NEW YORK (Jun. 7)
Leopold Trepper, the former World War II spy who infiltrated the Gestapo, said yesterday that people are making a great mistake in not adequately fighting Nazi propaganda among German youth and anti-Semitism in the Soviet Union, both of which he feels are widespread. Trepper spoke at a press conference at the Anti-Defamation League of B’nai B’rith announcing the publication here of his memoirs, “The Great Game.”
He added: “In place of Stalinism we now have Brezhnevism…and in the place of Nazism in Germany there are now thousands and thousands of people coming back to ‘Mein Kampf.’ The struggle must begin all over again.”
Speaking in French with the aid of an interpreter, Trepper, at one point, made an impassioned plea on behalf of Soviet Jewry: “Their faith depends on us. And everything depends on public opinion. This gentleman who now directs the Soviet Union (Brezhnev) responds only to things which are clear and direct…It is our responsibility to act forcefully to arouse public opinion.”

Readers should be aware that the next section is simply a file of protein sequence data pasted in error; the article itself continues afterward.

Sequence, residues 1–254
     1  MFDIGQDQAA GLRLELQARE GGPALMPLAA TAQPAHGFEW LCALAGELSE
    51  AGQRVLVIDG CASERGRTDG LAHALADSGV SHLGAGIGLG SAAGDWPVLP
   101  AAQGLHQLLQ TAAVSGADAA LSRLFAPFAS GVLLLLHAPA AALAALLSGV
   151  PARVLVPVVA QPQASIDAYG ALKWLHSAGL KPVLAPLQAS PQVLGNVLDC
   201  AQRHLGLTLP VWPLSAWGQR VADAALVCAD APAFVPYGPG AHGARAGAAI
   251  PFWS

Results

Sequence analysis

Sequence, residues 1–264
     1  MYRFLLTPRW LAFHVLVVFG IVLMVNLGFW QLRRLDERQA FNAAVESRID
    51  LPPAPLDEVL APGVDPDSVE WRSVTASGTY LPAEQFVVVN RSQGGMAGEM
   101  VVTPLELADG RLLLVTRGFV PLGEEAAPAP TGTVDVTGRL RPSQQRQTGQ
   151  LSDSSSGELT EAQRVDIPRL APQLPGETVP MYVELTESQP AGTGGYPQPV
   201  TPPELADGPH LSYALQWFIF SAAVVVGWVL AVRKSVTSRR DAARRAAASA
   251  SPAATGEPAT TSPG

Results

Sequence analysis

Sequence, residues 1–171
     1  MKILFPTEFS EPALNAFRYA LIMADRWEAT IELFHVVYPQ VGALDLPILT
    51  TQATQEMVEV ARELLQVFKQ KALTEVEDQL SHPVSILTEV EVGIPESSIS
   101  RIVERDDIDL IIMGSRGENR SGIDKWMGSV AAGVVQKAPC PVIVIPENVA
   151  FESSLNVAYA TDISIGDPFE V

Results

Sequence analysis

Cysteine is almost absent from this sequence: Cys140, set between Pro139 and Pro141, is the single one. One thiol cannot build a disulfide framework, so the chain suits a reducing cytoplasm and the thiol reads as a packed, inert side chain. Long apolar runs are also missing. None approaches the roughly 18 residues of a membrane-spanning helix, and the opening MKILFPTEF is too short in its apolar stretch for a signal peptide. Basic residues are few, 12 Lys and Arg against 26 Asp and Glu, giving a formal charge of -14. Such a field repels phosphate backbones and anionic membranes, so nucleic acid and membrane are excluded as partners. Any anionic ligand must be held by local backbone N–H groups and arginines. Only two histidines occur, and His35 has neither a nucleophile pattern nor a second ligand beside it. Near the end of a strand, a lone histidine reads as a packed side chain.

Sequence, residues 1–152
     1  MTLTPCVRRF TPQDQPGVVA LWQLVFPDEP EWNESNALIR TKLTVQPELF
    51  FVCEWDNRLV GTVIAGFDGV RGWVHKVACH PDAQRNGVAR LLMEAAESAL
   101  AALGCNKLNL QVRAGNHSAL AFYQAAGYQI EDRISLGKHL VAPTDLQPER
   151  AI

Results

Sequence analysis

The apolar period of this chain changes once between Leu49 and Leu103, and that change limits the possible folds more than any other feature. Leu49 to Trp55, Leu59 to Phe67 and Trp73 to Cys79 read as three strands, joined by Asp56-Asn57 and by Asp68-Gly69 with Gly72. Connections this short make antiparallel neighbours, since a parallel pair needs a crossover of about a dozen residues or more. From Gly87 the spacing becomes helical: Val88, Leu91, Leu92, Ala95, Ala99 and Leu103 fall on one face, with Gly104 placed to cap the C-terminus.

Trepper was the head of the Soviet anti-Nazi espionage network which was called “The Red Orchestra” by the Gestapo. The “great game” was “to counter-attack against the plan of the Gestapo,” by giving information to the Russians, Trepper said. After the war he was imprisoned by Stalin for nearly 10 years and later lived in Poland under house arrest. He came to Israel in 1974 after a world-wide publicity campaign to secure his release.